Introduction: Forced Migration and Protracted Transit in Indonesia and Southeast Asia

Bibliography File Note

Type
Journal Article

Author
Danau Tanu

Author
Antje Missbach

Author
Dave Lumenta

URL
http://ift.tt/2kVufc2

Publication
Antropologi Indonesia

ISSN
1693-6086

Date
13/12/2017

Accessed
2017-12-19 23:16:14

Library Catalog
journal.ui.ac.id

Language
en

Abstract
In May 2015, boats carrying several thousand Rohingya refugees created a tense situation in the region as Indonesia and neighboring ASEAN countries initially refused to let them come ashore (Amnesty International, 2015). Refugees dominated regional headlines for weeks for the first time since the end of the Vietnam war in 1975, when Indonesia and many other Southeast Asian states saw the arrival of tens of thousands of people from Vietnam and then later from Cambodia. The public outcry at the time led to a strong support for finding a regional solution for refugees. Despite this, the protection of asylum seekers and refugees across Southeast Asia remains weak to this day (Gleeson, this issue; Tan, 2016). Although Southeast Asia currently hosts more than one million4 asylum seekers and refugees (Amnesty International, 2017; UNHCR, 2017b), most Southeast Asian countries, with the exception of Cambodia, Timor Leste and the Philippines, have not signed the 1951 Refugee Convention and do not offer local integration for refugees in their respective territories.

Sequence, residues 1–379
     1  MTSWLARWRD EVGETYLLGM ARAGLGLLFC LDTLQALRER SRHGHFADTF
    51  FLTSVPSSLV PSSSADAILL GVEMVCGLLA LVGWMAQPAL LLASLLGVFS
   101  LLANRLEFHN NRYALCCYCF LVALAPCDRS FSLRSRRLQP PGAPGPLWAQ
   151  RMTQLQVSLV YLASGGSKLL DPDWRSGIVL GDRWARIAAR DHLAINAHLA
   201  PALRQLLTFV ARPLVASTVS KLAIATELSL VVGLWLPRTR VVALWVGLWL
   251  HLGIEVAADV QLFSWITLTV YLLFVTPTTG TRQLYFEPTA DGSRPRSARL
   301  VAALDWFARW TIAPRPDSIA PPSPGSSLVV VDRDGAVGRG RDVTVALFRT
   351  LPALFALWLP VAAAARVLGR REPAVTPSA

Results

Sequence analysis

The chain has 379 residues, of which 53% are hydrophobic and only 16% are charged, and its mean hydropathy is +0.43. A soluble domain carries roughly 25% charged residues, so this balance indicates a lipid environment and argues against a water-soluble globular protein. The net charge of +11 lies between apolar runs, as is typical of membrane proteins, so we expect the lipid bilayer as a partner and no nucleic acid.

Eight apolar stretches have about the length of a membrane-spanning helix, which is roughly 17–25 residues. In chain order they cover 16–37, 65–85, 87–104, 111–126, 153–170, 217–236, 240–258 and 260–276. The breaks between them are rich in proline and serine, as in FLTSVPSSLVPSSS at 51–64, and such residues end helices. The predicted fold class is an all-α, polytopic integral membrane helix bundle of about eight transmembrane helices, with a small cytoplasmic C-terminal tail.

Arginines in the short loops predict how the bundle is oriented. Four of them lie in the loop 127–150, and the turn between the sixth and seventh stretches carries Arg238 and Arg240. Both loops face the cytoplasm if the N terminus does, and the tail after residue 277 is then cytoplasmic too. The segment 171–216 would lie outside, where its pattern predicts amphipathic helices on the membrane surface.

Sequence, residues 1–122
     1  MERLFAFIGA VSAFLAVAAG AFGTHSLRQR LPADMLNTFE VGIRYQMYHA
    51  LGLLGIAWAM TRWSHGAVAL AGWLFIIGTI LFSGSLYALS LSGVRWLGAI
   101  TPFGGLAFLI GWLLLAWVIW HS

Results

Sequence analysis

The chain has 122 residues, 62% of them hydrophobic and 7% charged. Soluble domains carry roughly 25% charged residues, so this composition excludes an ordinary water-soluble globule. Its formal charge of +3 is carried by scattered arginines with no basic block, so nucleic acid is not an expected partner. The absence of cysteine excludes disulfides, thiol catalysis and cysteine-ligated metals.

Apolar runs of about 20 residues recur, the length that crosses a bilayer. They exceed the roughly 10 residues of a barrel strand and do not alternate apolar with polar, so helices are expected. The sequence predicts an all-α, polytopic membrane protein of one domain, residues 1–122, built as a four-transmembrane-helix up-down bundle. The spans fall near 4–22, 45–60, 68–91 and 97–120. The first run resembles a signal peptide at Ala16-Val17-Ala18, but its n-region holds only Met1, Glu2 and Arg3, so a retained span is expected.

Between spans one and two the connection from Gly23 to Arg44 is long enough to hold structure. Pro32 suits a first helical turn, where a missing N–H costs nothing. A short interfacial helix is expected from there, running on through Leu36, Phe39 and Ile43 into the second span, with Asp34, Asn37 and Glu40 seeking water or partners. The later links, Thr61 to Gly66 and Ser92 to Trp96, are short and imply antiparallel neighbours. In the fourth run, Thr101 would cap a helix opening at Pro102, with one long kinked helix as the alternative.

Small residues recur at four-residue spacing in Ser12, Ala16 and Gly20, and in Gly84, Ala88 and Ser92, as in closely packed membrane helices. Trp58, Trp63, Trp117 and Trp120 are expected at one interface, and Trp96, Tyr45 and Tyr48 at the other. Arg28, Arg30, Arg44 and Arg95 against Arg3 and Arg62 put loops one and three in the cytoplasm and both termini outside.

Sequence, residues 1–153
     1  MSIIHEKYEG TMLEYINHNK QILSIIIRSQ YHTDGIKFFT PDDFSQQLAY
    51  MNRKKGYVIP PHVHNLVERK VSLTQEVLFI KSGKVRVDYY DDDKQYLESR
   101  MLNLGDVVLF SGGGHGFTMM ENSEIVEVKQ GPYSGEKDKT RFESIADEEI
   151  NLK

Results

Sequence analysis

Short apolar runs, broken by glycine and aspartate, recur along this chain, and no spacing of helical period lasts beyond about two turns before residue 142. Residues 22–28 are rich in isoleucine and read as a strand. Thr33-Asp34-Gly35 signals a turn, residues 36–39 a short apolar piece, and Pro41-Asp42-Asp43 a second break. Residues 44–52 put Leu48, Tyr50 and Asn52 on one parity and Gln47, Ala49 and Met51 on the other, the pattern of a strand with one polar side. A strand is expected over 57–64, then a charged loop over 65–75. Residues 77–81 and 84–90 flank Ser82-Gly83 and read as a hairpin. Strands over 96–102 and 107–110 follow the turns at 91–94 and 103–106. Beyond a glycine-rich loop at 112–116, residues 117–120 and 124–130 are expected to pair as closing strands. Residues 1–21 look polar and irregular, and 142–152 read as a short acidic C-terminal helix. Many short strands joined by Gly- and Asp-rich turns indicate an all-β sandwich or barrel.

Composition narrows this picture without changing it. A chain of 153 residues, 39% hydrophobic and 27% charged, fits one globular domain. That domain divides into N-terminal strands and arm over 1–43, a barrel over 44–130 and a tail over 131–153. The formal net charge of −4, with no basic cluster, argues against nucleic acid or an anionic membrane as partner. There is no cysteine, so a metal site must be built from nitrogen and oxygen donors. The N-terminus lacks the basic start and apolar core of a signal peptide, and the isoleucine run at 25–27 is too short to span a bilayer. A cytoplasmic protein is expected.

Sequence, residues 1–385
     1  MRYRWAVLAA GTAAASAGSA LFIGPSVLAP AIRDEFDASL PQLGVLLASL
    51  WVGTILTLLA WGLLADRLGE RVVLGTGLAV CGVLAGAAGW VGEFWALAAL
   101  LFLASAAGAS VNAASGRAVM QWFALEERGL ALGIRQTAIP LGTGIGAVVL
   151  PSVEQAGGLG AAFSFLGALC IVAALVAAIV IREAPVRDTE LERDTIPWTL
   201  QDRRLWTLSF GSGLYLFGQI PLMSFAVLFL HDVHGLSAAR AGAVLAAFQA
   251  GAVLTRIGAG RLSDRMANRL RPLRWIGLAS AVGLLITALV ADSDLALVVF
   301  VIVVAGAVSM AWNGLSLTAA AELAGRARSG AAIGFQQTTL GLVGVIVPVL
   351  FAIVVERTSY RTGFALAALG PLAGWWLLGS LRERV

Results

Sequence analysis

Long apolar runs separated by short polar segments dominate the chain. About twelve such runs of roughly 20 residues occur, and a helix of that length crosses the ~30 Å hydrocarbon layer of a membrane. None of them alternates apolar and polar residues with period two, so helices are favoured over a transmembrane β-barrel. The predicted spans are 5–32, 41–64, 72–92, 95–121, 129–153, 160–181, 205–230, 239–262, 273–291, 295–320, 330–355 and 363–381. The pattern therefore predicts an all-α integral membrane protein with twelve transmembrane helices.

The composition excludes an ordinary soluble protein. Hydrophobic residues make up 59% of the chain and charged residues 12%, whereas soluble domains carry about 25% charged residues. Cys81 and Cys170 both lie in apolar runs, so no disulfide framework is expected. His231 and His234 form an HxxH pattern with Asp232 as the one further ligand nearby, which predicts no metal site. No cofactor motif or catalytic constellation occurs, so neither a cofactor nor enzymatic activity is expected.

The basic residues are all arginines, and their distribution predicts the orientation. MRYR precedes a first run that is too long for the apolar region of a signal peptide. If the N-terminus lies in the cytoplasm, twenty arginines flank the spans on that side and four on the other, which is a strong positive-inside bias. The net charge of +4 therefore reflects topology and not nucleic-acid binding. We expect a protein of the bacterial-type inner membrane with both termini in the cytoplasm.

Short Title
Introduction

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